On August 24, 1979 a new GS-9 position became vacant but, counter to general practice, this vacancy was not posted (cplt. ¶¶ 13-14). This position remained open and after several attempts to determine why, on November 2, 1979 plaintiff requested an appointment with selection officials in the front office to inquire about the position. On November 9, 1979, the day after plaintiff's certification expired, it was announced that the position was filled by a 28-year old man (cplt. ¶ 16). According to the complaint this man was actually appointed on October 7, 1979. Plaintiff claims that defendant repeatedly denied her GS-9 employment in retaliation for the discrimination claim she filed in 1979 (cplt. ¶ 27).

Plaintiff filed an informal grievance protesting defendant's hiring decisions on November 16, 1979, and continued to pursue her claim through administrative channels. *1243 Plaintiff filed a formal age discrimination complaint with the VA on March 11, 1980. Her case was assigned to an investigator over two and-a-half years later, on February 7, 1983 (cplt. ¶ 21). The investigator concluded that plaintiff had suffered discrimination and retaliation for her earlier complaint and defendant made a settlement offer which plaintiff refused (cplt. ¶¶ 22-24).

On December 31, 1984, the government entered a final finding of no discrimination and denied plaintiff all relief (cplt. ¶ 24). A letter accompanying this decision informed plaintiff that she could appeal to the Equal Employment Opportunity Commission (EEOC) and referred her to "Section 633a of Title 29 of the United States Code" to determine her "rights of judicial review" (mem. sup. mo. to dis. exh. 2 at 2). The letter also advised plaintiff to seek legal assistance "regarding the statutory limitation period within which suit must be filed" (mem. sup. mo. to dis. exh. 2 at 2).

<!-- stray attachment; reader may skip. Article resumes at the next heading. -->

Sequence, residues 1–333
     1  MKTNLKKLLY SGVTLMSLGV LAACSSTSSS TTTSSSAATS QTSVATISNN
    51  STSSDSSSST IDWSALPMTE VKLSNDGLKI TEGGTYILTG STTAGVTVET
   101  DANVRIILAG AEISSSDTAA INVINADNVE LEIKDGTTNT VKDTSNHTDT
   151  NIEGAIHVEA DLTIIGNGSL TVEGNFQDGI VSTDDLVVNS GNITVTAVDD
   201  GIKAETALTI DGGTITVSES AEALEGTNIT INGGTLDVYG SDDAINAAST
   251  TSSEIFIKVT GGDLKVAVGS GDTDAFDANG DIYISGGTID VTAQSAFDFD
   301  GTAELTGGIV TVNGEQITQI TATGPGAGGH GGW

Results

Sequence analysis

Plaintiff filed an EEOC appeal on January 19, 1985, and on June 24, 1987 the EEOC denied plaintiff relief and notified her of her right to sue (cplt. exh. A). Plaintiff claims she received a copy of this decision and notice on July 3, 1987, and she filed the current complaint approximately three weeks later.

I. Motion to Dismiss